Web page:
President Biden drew criticism Monday after invoking the Defense Production Act to potentially expedite the production of solar panels — with journalists and Republicans questioning the rationale for using special wartime powers.
Renewable energy advocates, meanwhile, cheered the White House announcement that Biden would invoke the act “to accelerate domestic production of clean energy technologies, including solar panel parts.”
Rep. Byron Donalds (R-Fla.) tweeted, “Biden’s irresponsible & arguably constitutionally corrupt misuse of the Defense Production Act should concern every American. The DPA isn’t a get out of jail free card to cover for lazy & inept governance, which is exactly how this administration uses it.”
Rep. Chris Stewart (R-Utah) questioned Biden’s priorities, tweeting, “Can’t find baby formula for your newborn? Can’t afford to fill up your gas tank? Don’t worry, @POTUS will have new solar panels ready in no time…”
It’s unclear if the declaration will have any near-term effect and it also was unclear if the timing had anything to do with record-high gas and diesel prices. The White House release did not mention surging prices at the pump.
The Energy Department and the White House will gather “key stakeholders” to discuss future steps to “maximize the impact of the DPA tools,” the release said.
Fox Business reporter Edward Lawrence asked White House press secretary Karine Jean-Pierre about the rationale for invoking the DPA.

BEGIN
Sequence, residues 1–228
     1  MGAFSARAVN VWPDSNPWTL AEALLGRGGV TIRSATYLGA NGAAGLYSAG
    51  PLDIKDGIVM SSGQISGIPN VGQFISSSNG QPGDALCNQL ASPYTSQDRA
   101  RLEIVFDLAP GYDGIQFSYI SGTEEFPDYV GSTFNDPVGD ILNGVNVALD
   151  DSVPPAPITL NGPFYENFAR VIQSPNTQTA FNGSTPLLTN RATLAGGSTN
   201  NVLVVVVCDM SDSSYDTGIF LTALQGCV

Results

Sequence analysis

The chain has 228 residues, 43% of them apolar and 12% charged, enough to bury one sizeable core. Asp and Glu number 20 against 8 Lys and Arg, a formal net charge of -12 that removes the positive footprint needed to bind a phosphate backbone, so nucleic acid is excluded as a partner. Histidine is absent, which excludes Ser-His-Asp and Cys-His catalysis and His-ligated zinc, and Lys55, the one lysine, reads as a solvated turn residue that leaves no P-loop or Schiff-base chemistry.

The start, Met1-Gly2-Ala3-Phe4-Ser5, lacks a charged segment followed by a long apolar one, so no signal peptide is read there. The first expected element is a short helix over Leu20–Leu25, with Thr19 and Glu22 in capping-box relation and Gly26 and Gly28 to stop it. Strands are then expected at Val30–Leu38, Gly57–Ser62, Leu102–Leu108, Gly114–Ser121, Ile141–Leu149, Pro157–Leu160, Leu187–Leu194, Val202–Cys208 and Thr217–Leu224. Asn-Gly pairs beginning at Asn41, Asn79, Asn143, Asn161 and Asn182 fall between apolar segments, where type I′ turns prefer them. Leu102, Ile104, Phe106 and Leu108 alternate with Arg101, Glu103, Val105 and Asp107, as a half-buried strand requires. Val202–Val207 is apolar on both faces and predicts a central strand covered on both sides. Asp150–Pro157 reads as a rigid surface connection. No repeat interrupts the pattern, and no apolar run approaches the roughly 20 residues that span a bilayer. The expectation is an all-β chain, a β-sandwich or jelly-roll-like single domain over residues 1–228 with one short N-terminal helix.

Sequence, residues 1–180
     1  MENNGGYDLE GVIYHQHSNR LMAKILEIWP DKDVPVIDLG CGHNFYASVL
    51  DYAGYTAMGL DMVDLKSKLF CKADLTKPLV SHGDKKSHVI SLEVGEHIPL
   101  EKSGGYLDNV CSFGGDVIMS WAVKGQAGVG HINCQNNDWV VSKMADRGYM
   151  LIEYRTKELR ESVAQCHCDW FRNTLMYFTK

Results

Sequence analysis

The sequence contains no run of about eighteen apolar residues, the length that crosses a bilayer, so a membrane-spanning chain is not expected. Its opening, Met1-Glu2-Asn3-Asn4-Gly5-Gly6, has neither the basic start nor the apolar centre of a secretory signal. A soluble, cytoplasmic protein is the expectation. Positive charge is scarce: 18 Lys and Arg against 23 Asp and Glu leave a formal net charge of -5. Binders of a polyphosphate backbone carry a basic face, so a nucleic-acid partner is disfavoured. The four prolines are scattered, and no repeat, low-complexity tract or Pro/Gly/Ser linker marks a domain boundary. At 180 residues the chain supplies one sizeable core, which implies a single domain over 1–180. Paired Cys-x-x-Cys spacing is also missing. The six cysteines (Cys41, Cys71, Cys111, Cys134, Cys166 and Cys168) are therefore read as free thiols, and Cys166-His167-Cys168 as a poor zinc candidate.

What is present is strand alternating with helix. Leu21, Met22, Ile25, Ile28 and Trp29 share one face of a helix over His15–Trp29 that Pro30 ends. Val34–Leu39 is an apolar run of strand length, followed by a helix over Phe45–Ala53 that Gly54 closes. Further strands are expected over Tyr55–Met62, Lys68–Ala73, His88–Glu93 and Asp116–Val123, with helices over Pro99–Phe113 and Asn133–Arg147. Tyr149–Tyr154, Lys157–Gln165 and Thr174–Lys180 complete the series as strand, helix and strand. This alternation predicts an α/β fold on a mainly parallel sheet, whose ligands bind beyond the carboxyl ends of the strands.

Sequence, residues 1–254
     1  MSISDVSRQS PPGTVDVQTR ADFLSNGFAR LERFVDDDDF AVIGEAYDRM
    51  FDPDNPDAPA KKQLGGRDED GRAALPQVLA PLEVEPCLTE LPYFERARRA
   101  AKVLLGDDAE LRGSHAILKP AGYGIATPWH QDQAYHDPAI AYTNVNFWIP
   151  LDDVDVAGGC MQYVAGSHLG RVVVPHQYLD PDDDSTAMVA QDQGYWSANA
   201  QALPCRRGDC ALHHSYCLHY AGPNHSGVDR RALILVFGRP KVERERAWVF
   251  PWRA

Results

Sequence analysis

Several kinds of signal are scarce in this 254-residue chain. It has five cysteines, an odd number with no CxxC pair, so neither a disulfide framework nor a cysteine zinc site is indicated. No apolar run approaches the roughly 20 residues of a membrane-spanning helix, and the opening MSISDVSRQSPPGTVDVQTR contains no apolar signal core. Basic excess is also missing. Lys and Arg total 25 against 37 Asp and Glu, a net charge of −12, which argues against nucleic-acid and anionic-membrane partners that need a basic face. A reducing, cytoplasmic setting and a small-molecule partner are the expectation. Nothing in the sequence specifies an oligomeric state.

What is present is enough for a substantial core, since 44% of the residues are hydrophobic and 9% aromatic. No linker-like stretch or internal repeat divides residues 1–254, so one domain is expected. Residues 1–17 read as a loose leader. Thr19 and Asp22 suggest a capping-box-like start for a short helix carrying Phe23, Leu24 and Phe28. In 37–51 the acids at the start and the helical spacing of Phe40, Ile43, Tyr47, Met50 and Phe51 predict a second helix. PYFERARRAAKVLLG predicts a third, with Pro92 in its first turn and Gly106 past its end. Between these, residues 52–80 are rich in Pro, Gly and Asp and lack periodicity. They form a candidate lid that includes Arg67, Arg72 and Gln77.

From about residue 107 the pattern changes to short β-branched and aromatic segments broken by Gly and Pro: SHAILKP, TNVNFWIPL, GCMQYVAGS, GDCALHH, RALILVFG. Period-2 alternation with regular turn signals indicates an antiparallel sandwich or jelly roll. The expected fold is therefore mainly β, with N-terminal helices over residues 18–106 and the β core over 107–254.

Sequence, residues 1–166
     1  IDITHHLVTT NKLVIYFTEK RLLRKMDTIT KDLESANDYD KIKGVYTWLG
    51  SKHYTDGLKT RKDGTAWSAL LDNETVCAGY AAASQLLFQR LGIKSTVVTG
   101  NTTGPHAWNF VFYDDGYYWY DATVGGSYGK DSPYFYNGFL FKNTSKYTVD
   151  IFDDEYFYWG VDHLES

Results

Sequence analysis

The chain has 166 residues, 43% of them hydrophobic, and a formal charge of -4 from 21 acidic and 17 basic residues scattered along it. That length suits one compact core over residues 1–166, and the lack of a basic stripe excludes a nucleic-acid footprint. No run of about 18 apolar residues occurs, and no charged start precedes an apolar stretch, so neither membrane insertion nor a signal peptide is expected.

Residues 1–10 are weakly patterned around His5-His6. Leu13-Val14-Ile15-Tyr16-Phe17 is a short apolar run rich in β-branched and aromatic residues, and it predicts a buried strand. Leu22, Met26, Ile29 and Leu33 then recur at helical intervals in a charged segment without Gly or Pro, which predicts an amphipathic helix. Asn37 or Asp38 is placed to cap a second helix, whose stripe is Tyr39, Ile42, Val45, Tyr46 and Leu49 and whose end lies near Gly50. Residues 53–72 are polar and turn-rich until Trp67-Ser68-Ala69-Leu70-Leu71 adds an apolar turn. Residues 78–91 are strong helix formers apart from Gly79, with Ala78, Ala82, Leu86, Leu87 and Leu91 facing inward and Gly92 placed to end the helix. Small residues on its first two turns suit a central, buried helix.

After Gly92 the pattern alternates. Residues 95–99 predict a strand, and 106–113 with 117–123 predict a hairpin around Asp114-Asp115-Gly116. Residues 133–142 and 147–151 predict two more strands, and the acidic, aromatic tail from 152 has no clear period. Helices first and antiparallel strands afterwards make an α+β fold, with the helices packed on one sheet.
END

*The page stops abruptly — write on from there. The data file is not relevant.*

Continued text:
“What’s the real emergency in the solar industry for the Defense Production Act?” Lawrence asked at Jean-Pierre’s regular briefing.
“The president, when he takes the Defense Production Act, it’s to make sure that he’s delivering for the American people,” Jean-Pierre replied. “It is an important tool that he has used a couple of times and has been incredibly effective.”
Jean-Pierre added, “He is invoking the Defense Production Act to rapidly expand domestic production of solar panel parts, building insulation, heat pumps and more.”
She said Biden separately “is putting the full force of the federal government’s purchasing power behind supporting American clean energy manufacturers, and he is providing US solar employers the short term stability they need to build clean energy projects and deliver more affordable energy.”
In response to another reporter’s question, Jean-Pierre said that the DPA invocation would not benefit imported solar panels from China.
“These actions do not apply to any materials imported from China. Import duties will remain in place on solar cells and panels from China or Taiwan,” she said.
The Biden administration did not specify a national-defense reason for using the act to boost solar panels.
When Biden was vice president, the Obama administration aggressively pushed for solar energy production — sparking the Solyndra scandal when a politically-connected firm went bankrupt after getting $535 million in federal loan guarantees.
The Defense Production Act notably was used by the Trump administration to coerce businesses to make ventilators and test swabs early in the COVID-19 pandemic and more recently was invoked by Biden to possibly speed production of baby formula to ease shortages.
Many Democrats expressed approval for Biden’s latest action, which can influence corporate behavior merely through the threat of action.
“Three cheers to Biden for using the DPA to expand domestic manufacturing of solar panels,” tweeted Sen. Jeff Merkley (D-Ore.), who wrote the action could improve “American energy independence” while boosting US companies and workers.
“Great to see [Biden] invoke the DPA on behalf of clean energy today,” tweeted billionaire investor Tom Steyer, a renewable-energy promoter who ran against Biden for the 2020 Democratic presidential nomination. “This plan will jumpstart American manufacturing, accelerate solar innovation, and create good jobs. An important step forward.”